Electronics are advantageous in the jigging application, as well. As I eluded to at the beginning of this article, you can see your lure while jigging, provided it runs within the cone of the transducer. The cone widens with increased depth and shrinks when the boat approaches shallower water.
I am constantly watching the sonar unit while jigging, which assists in making a proper wave. It also simplifies identifying baitfish and musky location to ensure I am contacting fish. Finally, it lets me see the fish follow, allowing me to prepare for the hookset. Keep in mind, however, there could be interested muskies swimming outside the transducer cone, which never appear on the graph’s screen.
If I see a fish trailing my bait on the graph, I stay consistent with the raise-and-lower method. I’m not trying to trigger reaction strikes with speed, direction changes, or erratic movements. These are lethargic fish that are not moving to eat horizontally-presented baits. With the steady method, in-your-face approach I’m effectively feeding the lure to the fish.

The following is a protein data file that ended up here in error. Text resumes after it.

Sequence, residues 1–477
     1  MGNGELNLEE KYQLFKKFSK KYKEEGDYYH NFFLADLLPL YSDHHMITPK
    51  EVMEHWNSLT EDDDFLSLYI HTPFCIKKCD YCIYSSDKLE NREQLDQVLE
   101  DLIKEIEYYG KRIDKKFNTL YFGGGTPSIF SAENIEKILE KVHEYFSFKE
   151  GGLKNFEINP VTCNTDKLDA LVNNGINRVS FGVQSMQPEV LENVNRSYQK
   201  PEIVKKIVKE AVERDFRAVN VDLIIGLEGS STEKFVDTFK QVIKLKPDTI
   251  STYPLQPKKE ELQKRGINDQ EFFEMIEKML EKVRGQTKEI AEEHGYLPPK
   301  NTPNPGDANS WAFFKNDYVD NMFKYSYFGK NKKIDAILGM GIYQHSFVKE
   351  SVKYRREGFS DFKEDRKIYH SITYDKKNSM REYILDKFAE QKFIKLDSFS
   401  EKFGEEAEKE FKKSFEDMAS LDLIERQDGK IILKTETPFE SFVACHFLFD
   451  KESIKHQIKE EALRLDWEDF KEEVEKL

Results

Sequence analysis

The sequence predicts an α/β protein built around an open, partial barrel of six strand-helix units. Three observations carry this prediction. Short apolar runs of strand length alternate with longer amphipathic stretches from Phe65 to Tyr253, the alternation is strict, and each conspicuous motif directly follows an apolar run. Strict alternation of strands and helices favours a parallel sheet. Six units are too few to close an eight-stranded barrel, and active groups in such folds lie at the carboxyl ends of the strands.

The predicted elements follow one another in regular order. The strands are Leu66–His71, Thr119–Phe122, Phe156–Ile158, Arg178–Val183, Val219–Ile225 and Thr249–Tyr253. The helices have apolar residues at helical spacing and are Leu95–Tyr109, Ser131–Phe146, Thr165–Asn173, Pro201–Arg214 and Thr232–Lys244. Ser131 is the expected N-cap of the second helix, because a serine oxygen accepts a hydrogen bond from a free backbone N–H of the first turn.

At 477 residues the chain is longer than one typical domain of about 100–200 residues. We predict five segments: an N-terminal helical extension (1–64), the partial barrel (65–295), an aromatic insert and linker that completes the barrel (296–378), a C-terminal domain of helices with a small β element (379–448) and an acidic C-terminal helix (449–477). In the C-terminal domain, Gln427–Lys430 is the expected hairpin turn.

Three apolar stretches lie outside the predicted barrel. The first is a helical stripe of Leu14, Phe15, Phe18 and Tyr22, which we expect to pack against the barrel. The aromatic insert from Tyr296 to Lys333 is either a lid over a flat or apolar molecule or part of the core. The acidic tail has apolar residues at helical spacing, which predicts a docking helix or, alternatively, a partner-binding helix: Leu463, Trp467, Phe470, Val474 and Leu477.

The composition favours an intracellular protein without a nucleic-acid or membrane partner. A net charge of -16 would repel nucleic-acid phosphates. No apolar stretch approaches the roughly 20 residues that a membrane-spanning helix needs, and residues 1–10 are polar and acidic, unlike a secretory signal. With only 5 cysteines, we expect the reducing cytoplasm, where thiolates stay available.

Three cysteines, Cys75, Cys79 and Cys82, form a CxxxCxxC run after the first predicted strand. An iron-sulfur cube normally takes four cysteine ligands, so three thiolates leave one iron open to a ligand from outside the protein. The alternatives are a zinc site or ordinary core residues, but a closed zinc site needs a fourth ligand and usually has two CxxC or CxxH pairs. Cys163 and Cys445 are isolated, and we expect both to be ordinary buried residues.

In non-current situations, nose the boat into the wind and use the trolling motor to navigate along a specific contour line, structural element or cover type. Under the flat calm conditions that often accompany these weather patterns the trolling motor must be used as the main propulsion, done so by giving large bursts. Bursts work best when no wind is present because you are able to keep your bait vertical. Keeping your trolling motor on constant without current or wind will cause the bait to be pulled behind the boat, at which point it essentially becomes trolling with a jigging motion.
Choose a rod look that is stiff enough to absorb the weight of the bait when raised on the upstroke and lowered on the down stroke; a rod that is too soft will cause the angler to fight the rod, ultimately leading to fatigue. Typically, this will be a heavy or extra heavy action, and will vary with the rod’s manufacturer.